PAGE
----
Abstract: Comparison of the distribution of pagan burials in Iceland with medieval information about the number of farmers in different parts of the country allows a division of the country into three zones of low, medium and high frequency of pagan burials relative to the number of settlements. Possible explanations for these differences are briefly explored. This paper is a product of the project Death and burial in Iceland for 1150 years and sets out some of the problems it aims to solve.
Introduction: It is a well known aspect of the Icelandic corpus of pagan burials that there are significant differences in their geographical distribution. In some regions there are many while in others there are few or none. There are two schools of thought to explain this. One holds that the difference is primarily an effect of discovery, that burials are more likely to come to light in regions where soil erosion has been active and in landscapes where roads are liable to built in locations where pagan cemeteries were situated. The other suggests that the differences reflect real variation in burial practice: that pagan burials are few in some regions because pagan burial rites were not practiced there to the same degree as elsewhere.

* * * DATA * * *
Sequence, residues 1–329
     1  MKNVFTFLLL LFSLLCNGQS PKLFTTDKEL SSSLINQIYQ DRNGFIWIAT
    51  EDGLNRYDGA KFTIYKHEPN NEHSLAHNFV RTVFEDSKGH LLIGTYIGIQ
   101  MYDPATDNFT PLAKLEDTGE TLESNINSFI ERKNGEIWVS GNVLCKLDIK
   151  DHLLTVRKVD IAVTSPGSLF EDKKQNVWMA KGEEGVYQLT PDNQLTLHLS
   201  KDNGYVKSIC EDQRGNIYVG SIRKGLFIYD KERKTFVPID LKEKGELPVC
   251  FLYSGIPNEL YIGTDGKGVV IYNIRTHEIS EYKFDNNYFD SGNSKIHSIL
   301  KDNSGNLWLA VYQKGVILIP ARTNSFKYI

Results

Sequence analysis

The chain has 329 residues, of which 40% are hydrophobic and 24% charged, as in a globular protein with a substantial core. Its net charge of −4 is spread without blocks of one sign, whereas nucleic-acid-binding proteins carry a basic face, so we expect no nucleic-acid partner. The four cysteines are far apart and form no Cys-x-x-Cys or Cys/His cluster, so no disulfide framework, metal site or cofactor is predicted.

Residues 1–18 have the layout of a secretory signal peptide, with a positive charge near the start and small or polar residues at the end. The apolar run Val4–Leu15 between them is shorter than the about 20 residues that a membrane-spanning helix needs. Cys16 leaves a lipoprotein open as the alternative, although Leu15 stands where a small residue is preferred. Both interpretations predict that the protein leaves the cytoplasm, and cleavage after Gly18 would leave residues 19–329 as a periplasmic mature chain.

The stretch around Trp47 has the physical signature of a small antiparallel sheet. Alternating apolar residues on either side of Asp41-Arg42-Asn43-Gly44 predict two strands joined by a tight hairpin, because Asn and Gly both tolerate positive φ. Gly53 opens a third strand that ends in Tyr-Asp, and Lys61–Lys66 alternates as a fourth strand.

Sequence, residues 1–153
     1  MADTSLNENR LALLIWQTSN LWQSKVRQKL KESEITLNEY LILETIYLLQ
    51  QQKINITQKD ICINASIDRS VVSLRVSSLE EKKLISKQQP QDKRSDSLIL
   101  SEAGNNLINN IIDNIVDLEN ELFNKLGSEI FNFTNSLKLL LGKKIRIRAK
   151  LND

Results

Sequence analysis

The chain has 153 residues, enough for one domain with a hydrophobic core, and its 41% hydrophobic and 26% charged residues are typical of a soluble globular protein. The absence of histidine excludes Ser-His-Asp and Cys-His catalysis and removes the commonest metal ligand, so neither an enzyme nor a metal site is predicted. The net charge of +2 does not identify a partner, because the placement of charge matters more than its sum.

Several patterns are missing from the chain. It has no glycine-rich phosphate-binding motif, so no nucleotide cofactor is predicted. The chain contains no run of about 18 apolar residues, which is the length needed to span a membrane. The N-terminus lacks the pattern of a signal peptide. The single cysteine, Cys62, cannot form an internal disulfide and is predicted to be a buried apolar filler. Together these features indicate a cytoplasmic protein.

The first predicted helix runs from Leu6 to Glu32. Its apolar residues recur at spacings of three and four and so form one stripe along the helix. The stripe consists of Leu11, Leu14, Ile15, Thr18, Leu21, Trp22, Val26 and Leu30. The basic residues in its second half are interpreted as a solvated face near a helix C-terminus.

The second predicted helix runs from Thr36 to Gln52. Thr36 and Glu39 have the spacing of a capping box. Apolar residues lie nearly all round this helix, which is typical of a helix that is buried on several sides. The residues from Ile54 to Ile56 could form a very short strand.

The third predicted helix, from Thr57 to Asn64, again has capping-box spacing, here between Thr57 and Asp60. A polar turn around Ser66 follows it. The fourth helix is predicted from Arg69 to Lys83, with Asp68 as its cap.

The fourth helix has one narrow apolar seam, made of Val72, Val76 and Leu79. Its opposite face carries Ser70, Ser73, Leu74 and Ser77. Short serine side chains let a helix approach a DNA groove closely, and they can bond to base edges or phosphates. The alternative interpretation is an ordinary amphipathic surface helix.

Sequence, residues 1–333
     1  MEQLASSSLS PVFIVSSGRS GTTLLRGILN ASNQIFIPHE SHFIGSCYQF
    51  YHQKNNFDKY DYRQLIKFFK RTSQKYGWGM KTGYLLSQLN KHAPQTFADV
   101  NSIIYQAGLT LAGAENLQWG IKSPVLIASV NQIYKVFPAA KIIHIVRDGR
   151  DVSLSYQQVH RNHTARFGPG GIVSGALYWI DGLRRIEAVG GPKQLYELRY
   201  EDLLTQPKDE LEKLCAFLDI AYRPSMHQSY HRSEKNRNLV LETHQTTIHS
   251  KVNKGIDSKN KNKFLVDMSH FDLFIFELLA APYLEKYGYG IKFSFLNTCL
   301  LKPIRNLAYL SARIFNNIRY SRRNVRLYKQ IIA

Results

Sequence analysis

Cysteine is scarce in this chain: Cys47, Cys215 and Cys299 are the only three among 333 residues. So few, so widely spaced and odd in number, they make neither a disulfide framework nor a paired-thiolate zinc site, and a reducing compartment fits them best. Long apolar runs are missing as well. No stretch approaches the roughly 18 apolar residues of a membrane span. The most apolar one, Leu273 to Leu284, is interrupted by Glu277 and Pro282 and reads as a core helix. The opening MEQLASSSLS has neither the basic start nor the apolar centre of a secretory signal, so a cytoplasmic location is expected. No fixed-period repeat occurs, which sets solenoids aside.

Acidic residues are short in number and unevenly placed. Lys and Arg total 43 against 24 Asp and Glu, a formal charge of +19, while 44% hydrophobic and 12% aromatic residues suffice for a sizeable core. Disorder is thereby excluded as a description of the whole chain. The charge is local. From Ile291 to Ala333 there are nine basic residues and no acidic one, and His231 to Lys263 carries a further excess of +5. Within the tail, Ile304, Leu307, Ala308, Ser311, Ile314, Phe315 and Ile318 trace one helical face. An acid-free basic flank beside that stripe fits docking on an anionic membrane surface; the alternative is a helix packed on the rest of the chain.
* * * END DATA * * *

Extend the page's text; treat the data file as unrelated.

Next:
My aim here is not to take sides in this debate but rather to point out that its premise is not as straightforward as it has been made out to be. The observation that there are differences in the numbers of burials between regions is obviously correct and significant but it fails to take into account that there were differences in the number of settlements, and hence population levels, from one region to the next. Consideration of these leads perhaps not so much to a solution to the problem as it has been defined by earlier debate, but rather to a more nuanced appreciation of what such points on the map may imply, whether in terms of belief systems or settlement patterns.
The number of settlements is not known for the pagan period but the relative carrying capacity of each region can be gauged from later evidence. This is not straightforward however and each type of evidence comes with its own set of problems. The earliest comprehensive survey of farms in Iceland is from 1695-96, complemented by the first national census in 1703. These data provide a basis on which to build but they are obviously problematic in that they postdate the pagan period by seven centuries. In some regions at least there are indications that significant changes in the number of settlements occurred in the interim, suggesting that the 1690s figures cannot be used without qualification as proxy data for the Viking age.